Excerpted from Deadlines and Disruption, by Stephen B. Shepard, published by McGraw-Hill, © 2012

With the traditional business model collapsing, several things become urgent if quality journalism is to survive. For the sake of simplicity, I’ll focus on newspapers because they still do most of the original reporting in America and because they are the most endangered of the journalism species. In formulating these thoughts, I have in mind a large metro daily. Call it the Daily Bugle.

Here, retrieved from the archive of my imagination, is a strategy for survival for the Daily Bugle, expressed to me in a very virtual interview with the Bugle’s CEO:

Me: Newspapers like the Daily Bugle are clearly in crisis. What are you doing about it?
CEO: Let’s start with our editorial product. We can no longer be all things to all people. In a fragmented world of niches, it doesn’t make any sense to try. So we need to focus our coverage on subjects that play to our advantage and can’t be easily duplicated.

Me: Like what?
CEO:
Strong coverage of local news is essential. It’s our city, and we can report on it better than anyone else. Despite cuts, our newsroom is still large enough to cover the hell out of city hall, as well as major neighborhoods. We need to make sure that we own the coverage of our local sports teams. Ditto for this city’s important cultural institutions—the museums, the symphony. We need to step up our reviews of the shows, write about artists and donors, and cover the scene. We need to do better coverage of our State University campus and its medical center, writing more about the educational and science issues that affect them. Give everything else a pass.

Me: But won’t readers miss a lot? What about national news or foreign coverage?
CEO:
We can link to that stuff. We don’t need a Washington bureau or foreign correspondents in Beijing or Paris. That’s what they do at Reuters, AP, Bloomberg, the BBC, NPR, and The New York Times. Or even those new places, like Politico, ProPublica, or GlobalPost. All the good stuff is easily available. Hell, we don’t even need a movie critic. We can aggregate the smartest movie reviews from everywhere. Let’s focus on what we do best.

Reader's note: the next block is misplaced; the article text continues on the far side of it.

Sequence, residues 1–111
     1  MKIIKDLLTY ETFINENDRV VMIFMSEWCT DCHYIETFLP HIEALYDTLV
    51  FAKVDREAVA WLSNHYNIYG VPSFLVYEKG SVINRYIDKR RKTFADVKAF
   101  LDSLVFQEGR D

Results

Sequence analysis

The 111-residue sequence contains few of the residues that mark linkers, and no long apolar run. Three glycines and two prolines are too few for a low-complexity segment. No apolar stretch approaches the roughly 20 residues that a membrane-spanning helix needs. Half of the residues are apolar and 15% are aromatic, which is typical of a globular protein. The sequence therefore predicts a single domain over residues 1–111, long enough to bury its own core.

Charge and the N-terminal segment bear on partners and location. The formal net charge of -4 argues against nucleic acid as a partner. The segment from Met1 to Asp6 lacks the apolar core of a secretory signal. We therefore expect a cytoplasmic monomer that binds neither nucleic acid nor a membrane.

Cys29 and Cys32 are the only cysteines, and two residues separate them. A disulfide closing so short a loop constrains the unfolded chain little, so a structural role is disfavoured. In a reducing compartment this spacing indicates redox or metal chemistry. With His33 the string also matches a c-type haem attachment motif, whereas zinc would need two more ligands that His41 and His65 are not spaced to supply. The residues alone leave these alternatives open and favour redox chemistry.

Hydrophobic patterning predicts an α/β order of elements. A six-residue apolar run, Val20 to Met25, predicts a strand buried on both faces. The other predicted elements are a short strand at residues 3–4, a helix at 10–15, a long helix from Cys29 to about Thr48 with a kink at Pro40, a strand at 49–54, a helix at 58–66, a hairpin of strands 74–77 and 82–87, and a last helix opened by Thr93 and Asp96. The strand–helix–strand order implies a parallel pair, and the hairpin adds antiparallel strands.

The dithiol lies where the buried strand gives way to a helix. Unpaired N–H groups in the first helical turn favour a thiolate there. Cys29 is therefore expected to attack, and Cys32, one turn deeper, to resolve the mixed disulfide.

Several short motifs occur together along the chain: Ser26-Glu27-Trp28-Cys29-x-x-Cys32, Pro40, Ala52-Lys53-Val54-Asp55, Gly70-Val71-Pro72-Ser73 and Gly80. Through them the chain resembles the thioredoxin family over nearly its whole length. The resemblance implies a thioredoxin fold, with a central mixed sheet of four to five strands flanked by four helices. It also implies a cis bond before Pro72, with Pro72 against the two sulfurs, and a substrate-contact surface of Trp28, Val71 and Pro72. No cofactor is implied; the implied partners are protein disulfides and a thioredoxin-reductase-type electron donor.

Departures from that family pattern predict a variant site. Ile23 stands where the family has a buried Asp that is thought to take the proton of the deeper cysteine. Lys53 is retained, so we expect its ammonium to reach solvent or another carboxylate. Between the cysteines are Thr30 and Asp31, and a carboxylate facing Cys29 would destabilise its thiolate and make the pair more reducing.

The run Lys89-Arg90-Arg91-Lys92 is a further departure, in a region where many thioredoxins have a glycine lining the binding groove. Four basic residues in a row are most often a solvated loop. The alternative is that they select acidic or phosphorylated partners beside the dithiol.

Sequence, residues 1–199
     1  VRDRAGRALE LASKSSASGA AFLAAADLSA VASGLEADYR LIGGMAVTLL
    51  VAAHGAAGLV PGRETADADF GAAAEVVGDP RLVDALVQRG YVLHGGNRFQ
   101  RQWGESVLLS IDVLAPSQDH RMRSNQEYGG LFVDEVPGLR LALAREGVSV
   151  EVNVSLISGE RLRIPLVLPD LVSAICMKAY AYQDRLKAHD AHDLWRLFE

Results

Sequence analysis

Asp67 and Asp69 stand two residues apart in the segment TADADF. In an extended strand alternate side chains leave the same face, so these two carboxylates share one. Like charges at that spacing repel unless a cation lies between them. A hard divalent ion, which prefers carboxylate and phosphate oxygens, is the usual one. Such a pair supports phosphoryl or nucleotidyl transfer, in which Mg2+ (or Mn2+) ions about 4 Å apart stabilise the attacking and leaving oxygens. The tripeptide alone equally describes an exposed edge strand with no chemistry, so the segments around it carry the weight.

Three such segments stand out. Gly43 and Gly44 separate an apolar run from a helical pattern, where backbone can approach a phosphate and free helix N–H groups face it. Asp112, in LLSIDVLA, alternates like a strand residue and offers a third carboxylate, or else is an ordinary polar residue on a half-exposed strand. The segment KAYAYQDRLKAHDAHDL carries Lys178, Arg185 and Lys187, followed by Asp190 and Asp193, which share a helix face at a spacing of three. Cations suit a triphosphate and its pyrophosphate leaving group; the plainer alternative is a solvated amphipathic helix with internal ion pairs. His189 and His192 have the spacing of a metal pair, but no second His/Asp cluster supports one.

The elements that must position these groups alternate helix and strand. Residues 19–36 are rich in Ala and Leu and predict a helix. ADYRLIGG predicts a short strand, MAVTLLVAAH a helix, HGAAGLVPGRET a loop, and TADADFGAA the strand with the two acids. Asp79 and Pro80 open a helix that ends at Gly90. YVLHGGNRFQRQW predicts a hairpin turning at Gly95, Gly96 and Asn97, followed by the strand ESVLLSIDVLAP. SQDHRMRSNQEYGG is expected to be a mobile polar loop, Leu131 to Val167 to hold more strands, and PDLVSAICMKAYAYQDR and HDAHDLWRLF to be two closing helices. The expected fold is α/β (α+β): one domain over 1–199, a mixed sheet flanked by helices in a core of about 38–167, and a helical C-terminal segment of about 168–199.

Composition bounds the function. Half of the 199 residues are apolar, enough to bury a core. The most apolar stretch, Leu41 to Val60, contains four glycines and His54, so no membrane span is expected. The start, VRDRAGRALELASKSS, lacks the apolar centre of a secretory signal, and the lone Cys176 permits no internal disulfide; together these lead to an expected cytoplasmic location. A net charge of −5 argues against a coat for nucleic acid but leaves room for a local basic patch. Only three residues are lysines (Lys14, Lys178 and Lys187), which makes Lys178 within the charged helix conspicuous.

Me: Is that what consumers want?
CEO:
I hate to sound like a journalism professor, but we need to emphasize editorial value—what we can bring to the party. There are too many alternatives just a click away. The world does not need one more publication churning out routine stories. We must use our own reporters to add editorial value in nearly everything we do if the Daily Bugle is to have any chance at all. We must be a premium brand in our community. That means smart ideas not available elsewhere, original reporting, good writing, an analytic voice, and the highest ethical standards.

Me: How can you do that if you’re laying off reporters?
CEO:
We’ve stopped. In fact, we’re hiring in a selective way. We can’t keep reducing editorial quality if we are to have a newspaper worth reading.

Me: Music to my ears. But even so, do you have the staff to dominate local coverage?
CEO:
Some people may think I’m crazy, but we need to cooperate with local bloggers. They’re all over the place. Some of them write about schools or immigration issues. Some review local restaurants or write about food or music. Let’s find the good ones and post their best reports on our website. And why can’t we team up with the public radio station in town on some stories?

Stephen B. Shepard is the founding dean of the Graduate School of Journalism at the City University of New York.